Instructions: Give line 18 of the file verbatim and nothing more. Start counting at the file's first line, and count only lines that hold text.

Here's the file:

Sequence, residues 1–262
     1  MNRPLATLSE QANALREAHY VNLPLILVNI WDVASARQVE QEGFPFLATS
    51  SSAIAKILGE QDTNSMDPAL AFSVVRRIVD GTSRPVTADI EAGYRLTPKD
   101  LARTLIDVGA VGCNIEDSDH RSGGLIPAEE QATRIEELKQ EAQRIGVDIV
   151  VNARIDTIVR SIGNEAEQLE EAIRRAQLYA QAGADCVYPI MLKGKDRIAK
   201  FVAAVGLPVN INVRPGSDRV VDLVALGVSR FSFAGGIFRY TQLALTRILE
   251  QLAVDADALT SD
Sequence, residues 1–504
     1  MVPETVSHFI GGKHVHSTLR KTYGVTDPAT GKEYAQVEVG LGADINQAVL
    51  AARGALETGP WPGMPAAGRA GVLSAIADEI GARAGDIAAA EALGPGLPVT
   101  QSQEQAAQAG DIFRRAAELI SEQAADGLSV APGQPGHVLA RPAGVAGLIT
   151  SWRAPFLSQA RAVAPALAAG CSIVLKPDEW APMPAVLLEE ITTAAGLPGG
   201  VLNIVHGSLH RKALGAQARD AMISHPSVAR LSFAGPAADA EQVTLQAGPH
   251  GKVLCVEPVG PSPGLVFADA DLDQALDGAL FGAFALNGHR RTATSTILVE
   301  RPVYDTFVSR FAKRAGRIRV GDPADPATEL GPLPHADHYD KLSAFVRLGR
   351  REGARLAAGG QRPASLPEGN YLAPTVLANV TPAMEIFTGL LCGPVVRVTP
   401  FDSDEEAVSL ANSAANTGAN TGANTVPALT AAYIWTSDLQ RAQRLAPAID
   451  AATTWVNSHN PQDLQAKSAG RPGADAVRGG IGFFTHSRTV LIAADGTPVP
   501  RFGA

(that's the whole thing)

   451  AATTWVNSHN PQDLQAKSAG RPGADAVRGG IGFFTHSRTV LIAADGTPVP